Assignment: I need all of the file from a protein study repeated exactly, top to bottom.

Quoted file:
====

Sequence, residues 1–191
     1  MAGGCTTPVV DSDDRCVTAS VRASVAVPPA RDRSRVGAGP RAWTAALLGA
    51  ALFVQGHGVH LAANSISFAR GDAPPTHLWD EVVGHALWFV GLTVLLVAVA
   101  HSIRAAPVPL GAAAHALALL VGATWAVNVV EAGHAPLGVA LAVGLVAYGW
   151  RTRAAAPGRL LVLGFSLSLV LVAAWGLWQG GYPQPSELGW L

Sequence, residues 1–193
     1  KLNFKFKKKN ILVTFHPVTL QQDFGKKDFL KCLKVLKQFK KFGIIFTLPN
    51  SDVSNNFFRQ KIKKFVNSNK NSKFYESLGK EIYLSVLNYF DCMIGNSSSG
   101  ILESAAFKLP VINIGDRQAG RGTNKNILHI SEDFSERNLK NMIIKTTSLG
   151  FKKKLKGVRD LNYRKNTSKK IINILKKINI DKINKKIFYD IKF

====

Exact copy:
Sequence, residues 1–191
     1  MAGGCTTPVV DSDDRCVTAS VRASVAVPPA RDRSRVGAGP RAWTAALLGA
    51  ALFVQGHGVH LAANSISFAR GDAPPTHLWD EVVGHALWFV GLTVLLVAVA
   101  HSIRAAPVPL GAAAHALALL VGATWAVNVV EAGHAPLGVA LAVGLVAYGW
   151  RTRAAAPGRL LVLGFSLSLV LVAAWGLWQG GYPQPSELGW L

Sequence, residues 1–193
     1  KLNFKFKKKN ILVTFHPVTL QQDFGKKDFL KCLKVLKQFK KFGIIFTLPN
    51  SDVSNNFFRQ KIKKFVNSNK NSKFYESLGK EIYLSVLNYF DCMIGNSSSG
   101  ILESAAFKLP VINIGDRQAG RGTNKNILHI SEDFSERNLK NMIIKTTSLG
   151  FKKKLKGVRD LNYRKNTSKK IINILKKINI DKINKKIFYD IKF